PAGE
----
MORBID CURIOSITY: Celebrity Tombstones Across America      |   home
Those Who Have Left Us in 2003
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Saturday, 1 February
Richard Lyng, U.S. Secretary of Agriculture (1986-89), of Parkinson's
disease, 84.
Harry C. McCool, U.S. Army airman (WW II Doolittle raid), of prostate
cancer, 84.
Richard Nelson, U.S. Army airman (Enola Gay), of complications from
emphysema, 77.
Ramon "Mongo" Santamaria, conga percussionist ("Watermelon Man"), 85.

Sunday, 2 February
Vincent "Randy" Chin, reggae music producer (Randy's Records), of natural
causes, 65.
Lou Harrison, composer, 85.

Monday, 3 February
Rosemary Bewick Lucas Ginn, U.S. Republican party activist, 90.

Lana Clarkson, actress ("Amazon Women on the Moon"), shot, 40. Record
producer Phil Spector has been charged with her murder.

William Kelley, film screenwriter ("Witness"), of cancer, 73.

Natalya Medvedeva, model ("The Cars" album cover), of a heart attack, 44.

Ron Morgan, radio broacaster (St. Louis), of a heart ailment, 60.

David R. Waters, Madilyn O'Hair murder suspect, of lung cancer, 55. ***
His DOD was not given and may have been earlier.

Tuesday, 4 February
Charlie Biddle, jazz bassist, of cancer, 76.
Jerome Hines, bass vocalist (New York Metropolitan Opera), 81.
Charles McLaren aka Lord Aberconway, British shipbuilder, 89.
Jim North, NFL foobtall player (Washington Redskins), of a heart ailment,

Wednesday, 5 February
Larry LeSueur, news correspondent ("London After Dark"), of Parkinson's disease, 93.

Friday, 7 February
Irwin Rosee, boxing publicist, after a long illness, 93.

Sunday, 9 February
Ruby Braff, jazz trumpeter, no cause announced, 75.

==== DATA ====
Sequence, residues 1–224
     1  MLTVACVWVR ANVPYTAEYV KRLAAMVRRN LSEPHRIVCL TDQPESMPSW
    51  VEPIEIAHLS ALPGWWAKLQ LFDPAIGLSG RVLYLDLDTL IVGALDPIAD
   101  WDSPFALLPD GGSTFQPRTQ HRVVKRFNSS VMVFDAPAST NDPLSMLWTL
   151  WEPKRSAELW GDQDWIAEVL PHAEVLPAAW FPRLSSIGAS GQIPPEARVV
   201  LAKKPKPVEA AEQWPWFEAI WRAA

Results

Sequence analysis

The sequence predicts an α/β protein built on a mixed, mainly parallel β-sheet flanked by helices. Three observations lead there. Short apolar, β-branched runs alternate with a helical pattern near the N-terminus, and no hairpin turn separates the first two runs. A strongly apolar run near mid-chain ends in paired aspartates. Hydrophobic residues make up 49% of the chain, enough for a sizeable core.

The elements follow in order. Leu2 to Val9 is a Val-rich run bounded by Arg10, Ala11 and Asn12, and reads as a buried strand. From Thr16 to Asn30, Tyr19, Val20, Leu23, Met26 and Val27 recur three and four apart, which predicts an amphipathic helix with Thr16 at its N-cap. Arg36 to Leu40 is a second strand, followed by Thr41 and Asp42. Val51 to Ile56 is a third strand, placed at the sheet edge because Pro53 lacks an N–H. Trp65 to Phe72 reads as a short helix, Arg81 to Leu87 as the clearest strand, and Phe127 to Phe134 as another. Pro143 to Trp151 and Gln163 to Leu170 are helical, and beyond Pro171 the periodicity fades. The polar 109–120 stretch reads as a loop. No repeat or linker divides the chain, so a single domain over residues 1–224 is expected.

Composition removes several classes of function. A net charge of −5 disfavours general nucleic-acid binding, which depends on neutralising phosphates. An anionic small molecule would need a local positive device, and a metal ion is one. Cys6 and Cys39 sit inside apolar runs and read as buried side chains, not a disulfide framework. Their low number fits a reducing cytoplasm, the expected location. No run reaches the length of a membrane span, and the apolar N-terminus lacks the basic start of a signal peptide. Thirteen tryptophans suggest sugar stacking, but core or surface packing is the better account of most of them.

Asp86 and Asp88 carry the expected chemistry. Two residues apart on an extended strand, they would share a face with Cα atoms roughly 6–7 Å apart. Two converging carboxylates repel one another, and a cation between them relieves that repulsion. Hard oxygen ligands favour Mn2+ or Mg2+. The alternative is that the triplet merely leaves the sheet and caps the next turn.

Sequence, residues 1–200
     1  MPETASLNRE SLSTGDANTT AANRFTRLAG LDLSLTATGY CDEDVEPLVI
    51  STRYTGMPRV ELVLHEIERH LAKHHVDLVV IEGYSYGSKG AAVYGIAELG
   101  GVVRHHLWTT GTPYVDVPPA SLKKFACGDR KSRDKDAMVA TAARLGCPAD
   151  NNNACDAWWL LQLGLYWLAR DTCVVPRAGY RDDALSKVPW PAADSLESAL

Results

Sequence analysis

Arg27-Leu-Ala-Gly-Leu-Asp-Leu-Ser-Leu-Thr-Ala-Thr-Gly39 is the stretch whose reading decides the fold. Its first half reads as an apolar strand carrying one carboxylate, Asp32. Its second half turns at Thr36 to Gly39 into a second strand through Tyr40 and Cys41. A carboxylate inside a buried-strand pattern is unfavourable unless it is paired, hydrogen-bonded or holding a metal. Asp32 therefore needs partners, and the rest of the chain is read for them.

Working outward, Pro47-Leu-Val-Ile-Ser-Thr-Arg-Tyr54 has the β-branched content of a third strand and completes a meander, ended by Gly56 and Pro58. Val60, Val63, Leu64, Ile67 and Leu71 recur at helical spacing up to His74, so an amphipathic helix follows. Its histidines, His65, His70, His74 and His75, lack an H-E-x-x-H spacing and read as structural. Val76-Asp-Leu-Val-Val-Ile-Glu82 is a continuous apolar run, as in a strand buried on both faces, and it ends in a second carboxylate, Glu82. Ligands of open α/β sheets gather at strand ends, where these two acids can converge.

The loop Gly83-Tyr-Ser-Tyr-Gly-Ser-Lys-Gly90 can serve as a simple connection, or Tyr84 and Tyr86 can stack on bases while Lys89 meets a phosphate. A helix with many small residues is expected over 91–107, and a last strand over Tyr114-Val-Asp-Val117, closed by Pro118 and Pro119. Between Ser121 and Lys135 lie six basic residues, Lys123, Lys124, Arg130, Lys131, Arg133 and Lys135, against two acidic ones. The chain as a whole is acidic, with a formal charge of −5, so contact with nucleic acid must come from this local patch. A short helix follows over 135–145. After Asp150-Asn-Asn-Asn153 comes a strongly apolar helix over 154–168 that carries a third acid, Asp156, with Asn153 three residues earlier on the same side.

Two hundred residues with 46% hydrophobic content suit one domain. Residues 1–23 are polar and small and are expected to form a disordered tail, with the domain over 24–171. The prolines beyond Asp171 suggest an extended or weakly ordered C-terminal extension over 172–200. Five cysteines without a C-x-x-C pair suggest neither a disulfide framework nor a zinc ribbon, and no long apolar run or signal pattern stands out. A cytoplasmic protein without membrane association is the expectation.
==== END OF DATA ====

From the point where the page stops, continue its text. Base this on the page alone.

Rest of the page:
John "Whack" Hyder, college basketball coach (Georgia Tech), 90.
Vera Hruba Ralson, ice skater & actress ("The Lady and the Monster"), 79.

Monday, 10 February
William Broom, news reporter, of Parkinson's disease, 78.
Curt Hennig aka "Mr. Perfect", pro wrestler, cocaine overdose, 44.
Clark MacGregor, U.S. congressman (R-MN, 1961-71), of respiratory failure, 80.
Ron Ziegler, White House press secretary (Nixon administration), of a heart attack, 63.

Tuesday, 11 February
Moses G. Hogan, Christian composer/arranger, of complications from a brain tumor, 45.

Wednesday, 12 February
Haywood Sullivan, major-league baseball player & executive (Boston Red Sox), after a stroke, 72.
Kemmons Wilson, hotel chain founder (Holiday Inn), 90.

Thursday, 13 February
Joe Connelly, TV producer ("Leave It to Beaver"), of complications from a stroke, 86.
James T. Flexner, author ("Washington: the Indispensable Man"), 95.
Kid Gavilan, r.n. Gerardo Gonzalez, boxer, of a heart attack, 77.
Stacy Keach Sr., actor (Prof. Carlson in "Get Smart"), of congestive heartfailure, 88.  
(Father of actors, Stacy and James Keach).
Bob Ivers, actor ("G.I. Blues"), from esophageal cancer, 68.

Friday, 14 February
Joseph Kinneary, U.S. federal judge (Ohio, 1966-2001), 97.
Johnny Longden, jockey, 96.
Jack Maher, publisher ("Down Beat"), of natural causes, 78.

Monday, 17 February